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Captain Beefheart & his Magic Band – Safe as Milk (1967) & Trout Mask Replica (1969)

January 28, 2020

[Albums 715 & 716 / 1001]

Are you familiar with the Diffusion of innovations theory?

According to the theory (developed by E.M. Rogers), a new technology or idea goes through five different stages of adoption by consumers.

The first category, Innovators, represents about 2.5% of the population. Innovators are the consumers that are keen to take risks & explore new ideas. Therefore, they will be the first to roll the dice & try a new product.

They are then followed by a trio of larger population segments: early adopters, the early majority, and the late majority.

Finally, once a new idea/technology has been widely embraced by the mainstream, the risk-averse laggards eventually join in as well.




“The first time I heard Trout Mask, when I was 15 years old, I thought it was the worst thing I’d ever heard…About the sixth or seventh time, it clicked in, and I thought it was the greatest album I’d ever heard.”
– Matt Groening (creator of The Simpsons)

How long did it take you to “get” Captain Beefheart?Trout_Mask_Replica

I propose that the Diffusion of innovations theory applies when it comes to “getting” Captain Beefheart.

Is it fair to estimate that only about 2.5% of the population in 1969 “got” Trout Mask Replica on the first listen?

But then for larger segments of the population, the brilliance gradually started to reveal itself on subsequent listens, as it did for Matt Groening?

And finally, once it was clear how influential the album was on a variety of artists, even if the laggards still derived no enjoyment from the music, would they have to concede that they at least appreciated its experimental importance?




With Safe as Milk, I would probably put myself in the Early Adopter category, as it didn’t take very long to see the album’s appeal.

It was bluesier than I expected and considerably more accessible than I anticipated.

It was nice to hear the theremin make a couple of appearances & I now have another layer of appreciation for The Hip’s 100th Meridian lyric sheet (as Ry Cooder does a nice job multi-tasking here as a member of the Magic Band).Safe_as_Milk

Though as is sometimes the case with records that resonate right away, sometimes repeated listens don’t necessarily enhance the experience.

Trout Mask Replica, on the other hand, requires a bit more of a time investment.

In part, due to the fact that it is a double LP, more time is needed to get through the running order.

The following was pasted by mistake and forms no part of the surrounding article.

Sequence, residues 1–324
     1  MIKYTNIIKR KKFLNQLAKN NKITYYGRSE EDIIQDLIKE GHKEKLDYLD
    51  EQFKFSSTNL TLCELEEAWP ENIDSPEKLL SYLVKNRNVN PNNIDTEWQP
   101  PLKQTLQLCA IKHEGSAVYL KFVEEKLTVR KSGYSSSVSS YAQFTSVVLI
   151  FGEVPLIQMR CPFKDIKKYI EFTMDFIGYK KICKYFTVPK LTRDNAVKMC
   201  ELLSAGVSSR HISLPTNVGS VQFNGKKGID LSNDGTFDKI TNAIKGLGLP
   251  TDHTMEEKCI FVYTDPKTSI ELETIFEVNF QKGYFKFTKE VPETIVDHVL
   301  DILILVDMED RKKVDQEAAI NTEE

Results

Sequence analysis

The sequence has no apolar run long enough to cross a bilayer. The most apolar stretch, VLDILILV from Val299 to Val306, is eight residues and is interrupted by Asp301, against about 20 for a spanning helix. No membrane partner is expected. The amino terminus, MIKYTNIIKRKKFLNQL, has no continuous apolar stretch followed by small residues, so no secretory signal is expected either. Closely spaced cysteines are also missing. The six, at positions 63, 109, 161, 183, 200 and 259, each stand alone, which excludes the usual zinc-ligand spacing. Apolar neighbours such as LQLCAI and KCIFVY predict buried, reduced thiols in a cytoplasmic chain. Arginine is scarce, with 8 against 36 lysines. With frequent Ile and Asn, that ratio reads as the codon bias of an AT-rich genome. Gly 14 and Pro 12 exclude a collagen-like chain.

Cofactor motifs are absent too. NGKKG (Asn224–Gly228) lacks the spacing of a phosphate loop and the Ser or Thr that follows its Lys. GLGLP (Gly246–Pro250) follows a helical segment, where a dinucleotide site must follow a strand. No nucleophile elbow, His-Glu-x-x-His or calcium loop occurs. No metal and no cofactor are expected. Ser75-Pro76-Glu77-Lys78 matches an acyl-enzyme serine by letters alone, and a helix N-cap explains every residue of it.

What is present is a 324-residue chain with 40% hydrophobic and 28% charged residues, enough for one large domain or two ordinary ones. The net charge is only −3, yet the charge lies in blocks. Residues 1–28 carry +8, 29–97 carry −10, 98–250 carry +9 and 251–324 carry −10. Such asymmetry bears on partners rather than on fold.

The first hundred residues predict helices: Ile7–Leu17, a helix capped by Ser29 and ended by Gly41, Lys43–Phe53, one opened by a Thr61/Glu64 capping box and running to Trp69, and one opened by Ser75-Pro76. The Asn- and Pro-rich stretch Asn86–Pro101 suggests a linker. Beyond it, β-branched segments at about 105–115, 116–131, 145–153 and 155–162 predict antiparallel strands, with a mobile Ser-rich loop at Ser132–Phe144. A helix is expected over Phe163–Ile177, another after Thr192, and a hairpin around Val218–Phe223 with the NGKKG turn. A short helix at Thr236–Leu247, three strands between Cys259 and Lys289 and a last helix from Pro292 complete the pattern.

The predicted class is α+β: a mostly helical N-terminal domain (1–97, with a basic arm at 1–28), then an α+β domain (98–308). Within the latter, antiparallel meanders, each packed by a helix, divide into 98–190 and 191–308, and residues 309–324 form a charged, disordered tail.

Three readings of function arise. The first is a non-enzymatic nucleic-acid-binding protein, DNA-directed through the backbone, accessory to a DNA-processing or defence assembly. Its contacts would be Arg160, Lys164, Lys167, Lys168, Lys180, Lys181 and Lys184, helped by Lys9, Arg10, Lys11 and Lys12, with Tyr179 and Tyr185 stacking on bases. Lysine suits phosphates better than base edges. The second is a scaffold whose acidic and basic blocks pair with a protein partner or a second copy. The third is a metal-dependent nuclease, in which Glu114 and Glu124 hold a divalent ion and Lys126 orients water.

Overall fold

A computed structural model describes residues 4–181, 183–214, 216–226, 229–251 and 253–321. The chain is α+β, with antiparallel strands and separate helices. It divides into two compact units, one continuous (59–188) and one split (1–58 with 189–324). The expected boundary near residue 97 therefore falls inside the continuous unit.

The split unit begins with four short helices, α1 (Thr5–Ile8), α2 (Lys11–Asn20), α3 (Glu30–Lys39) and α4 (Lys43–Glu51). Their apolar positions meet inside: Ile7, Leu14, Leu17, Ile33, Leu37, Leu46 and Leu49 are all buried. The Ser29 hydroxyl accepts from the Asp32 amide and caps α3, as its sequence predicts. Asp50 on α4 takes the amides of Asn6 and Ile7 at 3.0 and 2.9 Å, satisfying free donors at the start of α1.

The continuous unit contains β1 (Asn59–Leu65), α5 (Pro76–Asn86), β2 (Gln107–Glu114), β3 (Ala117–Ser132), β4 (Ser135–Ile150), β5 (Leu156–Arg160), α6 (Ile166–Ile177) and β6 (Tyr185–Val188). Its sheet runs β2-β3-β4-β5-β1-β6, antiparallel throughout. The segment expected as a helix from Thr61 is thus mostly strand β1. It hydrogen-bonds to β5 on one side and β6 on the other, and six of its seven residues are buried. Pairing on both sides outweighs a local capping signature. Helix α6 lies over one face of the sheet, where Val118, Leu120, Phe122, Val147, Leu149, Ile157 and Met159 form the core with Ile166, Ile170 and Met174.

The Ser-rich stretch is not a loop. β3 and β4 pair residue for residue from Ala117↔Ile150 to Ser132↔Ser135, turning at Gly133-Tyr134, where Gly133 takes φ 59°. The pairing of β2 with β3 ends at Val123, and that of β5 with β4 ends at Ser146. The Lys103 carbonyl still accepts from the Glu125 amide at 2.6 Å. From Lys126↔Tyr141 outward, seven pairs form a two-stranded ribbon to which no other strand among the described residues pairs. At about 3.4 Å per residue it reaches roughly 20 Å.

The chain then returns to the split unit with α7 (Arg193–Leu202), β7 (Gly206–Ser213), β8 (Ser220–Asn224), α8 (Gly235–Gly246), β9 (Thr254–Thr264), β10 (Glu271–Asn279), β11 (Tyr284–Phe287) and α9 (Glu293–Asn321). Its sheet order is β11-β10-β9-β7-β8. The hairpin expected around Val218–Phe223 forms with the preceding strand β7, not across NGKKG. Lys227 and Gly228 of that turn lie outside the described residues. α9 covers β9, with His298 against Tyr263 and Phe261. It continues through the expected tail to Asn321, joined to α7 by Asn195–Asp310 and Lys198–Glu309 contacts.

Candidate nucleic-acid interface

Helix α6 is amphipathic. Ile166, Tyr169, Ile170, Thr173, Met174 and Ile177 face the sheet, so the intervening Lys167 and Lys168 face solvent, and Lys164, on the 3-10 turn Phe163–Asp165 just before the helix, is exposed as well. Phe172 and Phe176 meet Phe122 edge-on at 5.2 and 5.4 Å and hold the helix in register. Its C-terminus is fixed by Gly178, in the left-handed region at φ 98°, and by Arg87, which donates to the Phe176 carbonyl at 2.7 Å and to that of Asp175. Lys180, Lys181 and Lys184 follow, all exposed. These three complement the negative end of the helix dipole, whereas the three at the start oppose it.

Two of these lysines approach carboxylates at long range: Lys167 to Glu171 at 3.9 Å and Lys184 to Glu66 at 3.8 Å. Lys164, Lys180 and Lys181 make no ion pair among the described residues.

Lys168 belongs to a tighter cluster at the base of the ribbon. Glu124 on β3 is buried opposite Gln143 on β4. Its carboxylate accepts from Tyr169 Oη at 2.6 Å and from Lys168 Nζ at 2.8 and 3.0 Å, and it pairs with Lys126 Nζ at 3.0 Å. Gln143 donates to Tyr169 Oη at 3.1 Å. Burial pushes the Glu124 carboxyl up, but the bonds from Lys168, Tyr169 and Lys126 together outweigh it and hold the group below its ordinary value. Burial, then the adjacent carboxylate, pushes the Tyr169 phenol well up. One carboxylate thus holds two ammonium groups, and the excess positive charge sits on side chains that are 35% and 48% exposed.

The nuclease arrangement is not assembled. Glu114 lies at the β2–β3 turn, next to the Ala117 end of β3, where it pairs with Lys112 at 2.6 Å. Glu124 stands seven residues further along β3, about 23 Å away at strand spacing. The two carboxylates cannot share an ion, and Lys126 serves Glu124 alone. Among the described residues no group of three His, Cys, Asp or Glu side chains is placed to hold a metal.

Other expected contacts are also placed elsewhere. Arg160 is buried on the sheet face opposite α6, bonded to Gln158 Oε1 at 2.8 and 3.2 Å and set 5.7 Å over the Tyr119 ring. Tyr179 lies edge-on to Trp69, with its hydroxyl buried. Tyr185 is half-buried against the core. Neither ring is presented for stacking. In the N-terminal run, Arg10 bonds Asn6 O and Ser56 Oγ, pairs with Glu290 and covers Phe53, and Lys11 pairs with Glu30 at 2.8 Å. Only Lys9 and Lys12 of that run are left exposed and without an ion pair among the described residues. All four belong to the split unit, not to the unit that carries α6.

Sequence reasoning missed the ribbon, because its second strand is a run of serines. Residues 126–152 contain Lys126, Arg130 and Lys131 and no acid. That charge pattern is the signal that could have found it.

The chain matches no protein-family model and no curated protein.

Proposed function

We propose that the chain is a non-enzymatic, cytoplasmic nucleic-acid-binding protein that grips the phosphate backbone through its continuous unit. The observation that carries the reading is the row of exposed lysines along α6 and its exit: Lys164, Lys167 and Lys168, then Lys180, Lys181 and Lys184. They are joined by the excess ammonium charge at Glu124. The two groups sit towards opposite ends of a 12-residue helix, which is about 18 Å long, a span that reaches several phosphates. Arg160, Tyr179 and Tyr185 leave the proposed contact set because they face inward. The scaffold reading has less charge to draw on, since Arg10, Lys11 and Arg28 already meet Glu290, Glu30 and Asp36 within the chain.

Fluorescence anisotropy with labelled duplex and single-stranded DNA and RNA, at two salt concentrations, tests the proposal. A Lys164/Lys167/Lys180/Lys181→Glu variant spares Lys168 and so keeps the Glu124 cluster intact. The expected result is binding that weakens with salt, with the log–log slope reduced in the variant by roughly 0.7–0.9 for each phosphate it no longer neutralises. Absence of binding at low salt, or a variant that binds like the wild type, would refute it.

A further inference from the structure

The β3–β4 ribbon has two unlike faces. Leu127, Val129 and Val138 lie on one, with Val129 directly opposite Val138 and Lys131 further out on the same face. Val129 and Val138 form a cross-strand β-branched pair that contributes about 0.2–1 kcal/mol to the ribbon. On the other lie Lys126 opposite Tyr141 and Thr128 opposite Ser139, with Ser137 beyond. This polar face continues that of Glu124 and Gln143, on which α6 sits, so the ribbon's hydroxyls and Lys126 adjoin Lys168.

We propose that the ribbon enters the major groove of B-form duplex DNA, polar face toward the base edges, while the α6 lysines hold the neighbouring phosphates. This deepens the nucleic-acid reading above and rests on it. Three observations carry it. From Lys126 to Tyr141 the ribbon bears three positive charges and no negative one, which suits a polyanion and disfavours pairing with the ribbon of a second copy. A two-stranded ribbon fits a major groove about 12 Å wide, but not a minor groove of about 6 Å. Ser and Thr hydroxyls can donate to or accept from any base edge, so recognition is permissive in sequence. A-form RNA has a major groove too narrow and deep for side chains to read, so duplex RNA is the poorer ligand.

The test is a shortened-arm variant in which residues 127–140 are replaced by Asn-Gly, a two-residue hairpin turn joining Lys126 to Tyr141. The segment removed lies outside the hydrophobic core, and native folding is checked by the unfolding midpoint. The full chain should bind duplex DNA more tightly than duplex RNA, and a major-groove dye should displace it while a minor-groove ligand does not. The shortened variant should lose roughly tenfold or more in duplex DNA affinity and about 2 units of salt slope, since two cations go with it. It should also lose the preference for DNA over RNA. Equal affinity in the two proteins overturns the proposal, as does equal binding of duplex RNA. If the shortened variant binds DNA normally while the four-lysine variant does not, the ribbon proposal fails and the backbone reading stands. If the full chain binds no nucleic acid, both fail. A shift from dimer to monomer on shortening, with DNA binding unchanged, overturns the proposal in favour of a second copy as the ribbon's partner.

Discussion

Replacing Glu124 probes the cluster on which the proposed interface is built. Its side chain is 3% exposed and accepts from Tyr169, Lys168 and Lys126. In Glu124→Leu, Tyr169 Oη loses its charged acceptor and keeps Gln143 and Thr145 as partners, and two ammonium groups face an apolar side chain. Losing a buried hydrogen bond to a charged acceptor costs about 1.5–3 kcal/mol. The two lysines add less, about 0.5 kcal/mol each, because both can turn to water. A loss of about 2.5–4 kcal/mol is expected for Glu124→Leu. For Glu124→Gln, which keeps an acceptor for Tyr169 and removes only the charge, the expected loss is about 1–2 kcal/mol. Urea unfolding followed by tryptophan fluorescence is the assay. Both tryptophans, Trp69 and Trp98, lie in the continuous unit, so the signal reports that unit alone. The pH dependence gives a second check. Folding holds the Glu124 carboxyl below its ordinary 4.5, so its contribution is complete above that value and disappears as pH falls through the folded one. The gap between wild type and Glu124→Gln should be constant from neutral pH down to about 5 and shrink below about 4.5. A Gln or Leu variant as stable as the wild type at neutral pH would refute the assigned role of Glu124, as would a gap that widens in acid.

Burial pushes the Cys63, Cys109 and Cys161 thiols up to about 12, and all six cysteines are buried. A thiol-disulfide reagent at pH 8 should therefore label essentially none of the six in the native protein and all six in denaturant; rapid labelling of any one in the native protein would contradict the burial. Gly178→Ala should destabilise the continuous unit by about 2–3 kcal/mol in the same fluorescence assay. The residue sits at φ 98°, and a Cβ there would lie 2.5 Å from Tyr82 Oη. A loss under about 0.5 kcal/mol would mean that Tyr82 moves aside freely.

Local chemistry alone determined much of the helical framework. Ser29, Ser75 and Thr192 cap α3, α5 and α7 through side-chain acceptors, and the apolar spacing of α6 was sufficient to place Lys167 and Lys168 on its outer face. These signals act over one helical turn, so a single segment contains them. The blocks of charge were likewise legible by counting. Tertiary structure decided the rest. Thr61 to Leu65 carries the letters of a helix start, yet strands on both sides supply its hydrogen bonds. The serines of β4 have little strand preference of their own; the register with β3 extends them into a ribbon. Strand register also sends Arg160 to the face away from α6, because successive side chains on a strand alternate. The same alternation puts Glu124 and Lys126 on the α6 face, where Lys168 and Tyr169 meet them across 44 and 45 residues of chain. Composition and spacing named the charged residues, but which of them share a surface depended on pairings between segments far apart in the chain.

But mostly, because it requires significant time/energy/attention to find the melodies buried in the cacophonies.

As a result, it probably took me longer to ‘get’ the appeal of this album.

But like Matt Groening’s experience with the album, I’m finding the more I listen, the more I really like it.

With each subsequent re-listen, additional layers are revealed; I imagine I’ve only scratched the surface of those layers so far.

Which would mean I’m probably not anywhere close to actually “getting” Captain Beefheart.

But based on these albums, especially the latter, I now definitely get the appeal.


Verbalize the Positive

I enjoyed this new-to-me Simpsons episode recently, where Milhouse attempts to woo Lisa with a theremin!

From → 1960s

  1. I feel like Trout Mask Replica should be required listening for adventurous listeners. Took me at least a dozen listens to really enjoy it.

    • I’d agree with that – I believe it has been included in the National Recording Registry, likely in part for that reason.
      I’m about 1/3 of the way to a dozen listens, so I have a feeling my enjoyment will continue to grow!

  2. Okay, I might have to give that Trout one a bunch a tries as it has always intrigued me with the cover, but I have never given it a try. I guess I will be laggard then on this one.

  3. TWO OF MY ALL TIME FAVOURITE ALBUMS! Safe as Milk is goes down so easy compared to TMR. “It requires significant time/energy/attention to find the melodies buried in the cacophonies” That is the key.

    • Nice choices, Mike! I think I’m 4 listens into Trout Mask – it feels like there’s still much more to be discovered within the album & I’m quite enjoying the discovery process!

      • My sister points out that TMR is one of very few mainstream albums to feature bass clarinet. The Mascara Snake was the player’s name. “Fast and bulbous,” commands Don Van Vliet to him! Fast and bulbous!

      • I thought of Dr. Ladano on one of my recent listens – when I heard the bass clarinet, I thought, what a great addition!

  4. jprobichaud permalink

    I’m with you. Likely nowhere near getting Captain Beefheart.

  5. I was raised on this stuff. This explains exactly why I have short hair and work in the law!

  6. Are you familiar with the Diffusion of innovations theory?

    I was baffled after that!! lol

    Captain Beefheart, I don’t get but The Simpsons I get! HAHA…
    Tells you where my head is at age 52! lol

  7. The trick to “getting” the Good Captain is don’t listen to Trout Mask. Haha. Seriously its a huge time drain when you could be listening to Clear Spot, Lick My Decals Off, Doc at the Radar Station or Bat Chain Puller.

    • That’s good advice – and now that I’m enjoying his work, I appreciate having a few next stops mapped out on the Beefheart journey!

      • No problem. There is a great live album you may be able to still locate (the apple place has it) “I’m Going To Do What I’m Going To Do” Live at My Fathers Place. Its a great, legit live album he did with his incredible late 70’s Magic Band. Its really breathtaking stuff.

  8. I liked him better when he was just Ensign Beefheart.

  9. Well, would you believe I’ve never given Captain Beefheart the time required? I find other things to get lost in…

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